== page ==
MS is characterized by two clinical phenomena: relapses and progression.
Progression may be evident from onset or after a relapsing-remitting phase. Progressive disease course refers to the accumulation of neurologic damage without any periods of relapse.
In a recent study of people with progressive MS, the authors explore factors that influence the rate of disability accumulation once patients enter the progressive phase. Specifically they looked at the effect of clinical relapses before or after onset of the progressive phase.
The researchers enrolled 101 people with progressive MS at Mayo Clinic, Minnesota, in 1992, 2002 and 2010. The study included only progressive patients with more than 20 years of follow-up.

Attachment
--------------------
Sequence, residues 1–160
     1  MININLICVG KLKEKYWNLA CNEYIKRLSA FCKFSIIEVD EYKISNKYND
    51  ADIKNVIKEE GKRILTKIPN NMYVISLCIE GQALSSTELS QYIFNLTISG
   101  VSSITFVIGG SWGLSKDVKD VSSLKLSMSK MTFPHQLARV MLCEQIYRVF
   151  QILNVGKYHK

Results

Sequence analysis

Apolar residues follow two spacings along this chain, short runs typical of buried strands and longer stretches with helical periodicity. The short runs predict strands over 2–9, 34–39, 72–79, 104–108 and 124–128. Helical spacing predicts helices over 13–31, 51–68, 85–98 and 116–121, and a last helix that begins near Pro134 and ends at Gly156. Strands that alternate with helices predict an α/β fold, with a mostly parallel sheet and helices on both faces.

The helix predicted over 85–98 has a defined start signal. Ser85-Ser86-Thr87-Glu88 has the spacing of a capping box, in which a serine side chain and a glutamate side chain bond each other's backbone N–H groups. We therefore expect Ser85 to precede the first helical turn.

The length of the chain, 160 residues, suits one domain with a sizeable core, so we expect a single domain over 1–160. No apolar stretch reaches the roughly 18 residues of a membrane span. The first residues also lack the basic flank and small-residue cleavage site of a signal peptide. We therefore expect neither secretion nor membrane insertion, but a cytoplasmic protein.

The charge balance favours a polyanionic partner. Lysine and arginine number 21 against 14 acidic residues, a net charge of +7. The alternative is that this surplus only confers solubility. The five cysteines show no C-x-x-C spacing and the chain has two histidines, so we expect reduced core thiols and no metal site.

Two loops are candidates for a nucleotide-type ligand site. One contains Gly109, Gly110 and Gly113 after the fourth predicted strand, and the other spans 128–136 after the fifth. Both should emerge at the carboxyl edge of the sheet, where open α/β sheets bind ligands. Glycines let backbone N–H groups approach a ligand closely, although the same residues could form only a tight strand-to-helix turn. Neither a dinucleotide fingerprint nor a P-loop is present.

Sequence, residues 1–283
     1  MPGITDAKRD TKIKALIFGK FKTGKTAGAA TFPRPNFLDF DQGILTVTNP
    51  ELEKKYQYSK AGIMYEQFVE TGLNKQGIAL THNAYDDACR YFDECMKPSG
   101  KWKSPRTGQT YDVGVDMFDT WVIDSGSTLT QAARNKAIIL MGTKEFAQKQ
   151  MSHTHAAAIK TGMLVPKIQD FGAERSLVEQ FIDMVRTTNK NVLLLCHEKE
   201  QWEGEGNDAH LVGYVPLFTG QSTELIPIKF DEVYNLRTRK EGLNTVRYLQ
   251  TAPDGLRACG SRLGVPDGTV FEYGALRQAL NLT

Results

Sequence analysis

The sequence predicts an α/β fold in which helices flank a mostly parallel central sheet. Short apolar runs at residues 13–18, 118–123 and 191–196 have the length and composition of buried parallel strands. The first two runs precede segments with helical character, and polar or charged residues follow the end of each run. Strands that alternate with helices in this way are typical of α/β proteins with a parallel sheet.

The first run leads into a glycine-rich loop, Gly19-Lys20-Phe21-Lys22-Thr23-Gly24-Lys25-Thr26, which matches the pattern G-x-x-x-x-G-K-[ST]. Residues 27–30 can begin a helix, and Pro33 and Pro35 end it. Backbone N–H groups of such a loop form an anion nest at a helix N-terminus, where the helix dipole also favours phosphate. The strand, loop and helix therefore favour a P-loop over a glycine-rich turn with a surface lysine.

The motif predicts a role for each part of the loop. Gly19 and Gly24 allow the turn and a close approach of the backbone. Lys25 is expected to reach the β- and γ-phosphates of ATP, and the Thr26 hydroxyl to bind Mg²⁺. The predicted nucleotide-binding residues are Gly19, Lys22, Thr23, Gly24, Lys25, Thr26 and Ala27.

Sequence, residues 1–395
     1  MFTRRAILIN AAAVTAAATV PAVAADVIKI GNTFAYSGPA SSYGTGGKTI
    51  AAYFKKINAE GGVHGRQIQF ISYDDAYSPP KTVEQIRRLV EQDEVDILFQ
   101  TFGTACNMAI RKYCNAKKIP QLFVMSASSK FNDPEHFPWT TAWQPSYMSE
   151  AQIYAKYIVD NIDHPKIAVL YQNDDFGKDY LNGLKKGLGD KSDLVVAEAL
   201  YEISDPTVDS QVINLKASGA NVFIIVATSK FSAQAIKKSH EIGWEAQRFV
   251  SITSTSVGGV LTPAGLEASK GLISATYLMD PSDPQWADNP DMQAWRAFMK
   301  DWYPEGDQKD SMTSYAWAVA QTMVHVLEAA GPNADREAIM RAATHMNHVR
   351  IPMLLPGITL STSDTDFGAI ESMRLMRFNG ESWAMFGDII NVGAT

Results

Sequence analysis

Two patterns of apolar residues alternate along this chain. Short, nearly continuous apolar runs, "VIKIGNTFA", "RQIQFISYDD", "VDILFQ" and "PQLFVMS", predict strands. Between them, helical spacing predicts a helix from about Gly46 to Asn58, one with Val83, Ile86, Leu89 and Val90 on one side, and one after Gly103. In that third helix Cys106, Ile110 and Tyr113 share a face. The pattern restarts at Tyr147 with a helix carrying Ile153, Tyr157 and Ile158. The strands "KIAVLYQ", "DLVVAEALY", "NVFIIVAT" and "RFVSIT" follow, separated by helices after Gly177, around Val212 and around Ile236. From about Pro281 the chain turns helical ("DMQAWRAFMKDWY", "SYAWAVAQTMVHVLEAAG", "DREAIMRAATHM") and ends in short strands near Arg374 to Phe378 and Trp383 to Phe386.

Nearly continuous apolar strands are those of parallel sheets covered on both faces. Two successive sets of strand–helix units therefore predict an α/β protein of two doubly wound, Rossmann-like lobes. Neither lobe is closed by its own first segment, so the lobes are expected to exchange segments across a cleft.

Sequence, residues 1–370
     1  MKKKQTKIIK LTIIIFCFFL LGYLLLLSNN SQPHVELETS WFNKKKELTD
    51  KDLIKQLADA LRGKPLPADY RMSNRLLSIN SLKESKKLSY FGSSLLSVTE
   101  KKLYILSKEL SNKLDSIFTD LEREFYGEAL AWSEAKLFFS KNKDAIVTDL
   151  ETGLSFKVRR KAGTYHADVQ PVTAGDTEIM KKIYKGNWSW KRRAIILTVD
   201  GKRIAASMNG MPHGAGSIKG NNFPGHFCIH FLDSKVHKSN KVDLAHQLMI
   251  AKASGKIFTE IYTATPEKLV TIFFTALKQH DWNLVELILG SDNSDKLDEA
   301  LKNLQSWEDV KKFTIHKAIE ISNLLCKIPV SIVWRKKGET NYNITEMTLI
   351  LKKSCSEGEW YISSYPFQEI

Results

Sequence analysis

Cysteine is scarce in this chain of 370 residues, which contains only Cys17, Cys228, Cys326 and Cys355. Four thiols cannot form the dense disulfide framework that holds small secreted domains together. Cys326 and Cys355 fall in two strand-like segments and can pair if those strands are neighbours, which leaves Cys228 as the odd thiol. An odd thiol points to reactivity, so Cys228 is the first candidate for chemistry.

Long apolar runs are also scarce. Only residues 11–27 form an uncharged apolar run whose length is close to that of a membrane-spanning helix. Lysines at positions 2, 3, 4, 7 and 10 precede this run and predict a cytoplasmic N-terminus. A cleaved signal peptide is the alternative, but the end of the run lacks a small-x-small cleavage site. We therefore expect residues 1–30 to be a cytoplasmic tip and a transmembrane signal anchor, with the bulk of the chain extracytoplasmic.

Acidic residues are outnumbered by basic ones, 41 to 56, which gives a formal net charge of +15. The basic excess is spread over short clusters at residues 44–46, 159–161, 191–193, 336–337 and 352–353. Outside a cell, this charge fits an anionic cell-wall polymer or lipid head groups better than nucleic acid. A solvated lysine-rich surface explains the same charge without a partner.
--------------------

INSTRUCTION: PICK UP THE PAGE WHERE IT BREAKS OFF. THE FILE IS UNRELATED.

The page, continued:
The frequency of reported relapses that occurred after the onset of progressive MS was higher than expected. Only three per cent of patients with primary progressive MS had relapses after onset of the progressive phase, whereas 30 per cent of the patients with secondary progressive MS had relapses.
These findings suggest that patients with secondary progressive MS who have ongoing relapses may benefit from continuing immunomodulatory therapies after onset of progressive MS.
The study also suggests that immunomodulatory treatment is most likely to benefit patients who are under 55, or within five years of onset of progressive disease. Therefore, intervention to prevent post-progression relapses would be most effective in this period.
Overall, this study suggests tailoring treatment continuation or discontinuation decisions after progressive MS onset to the individual, as per the need.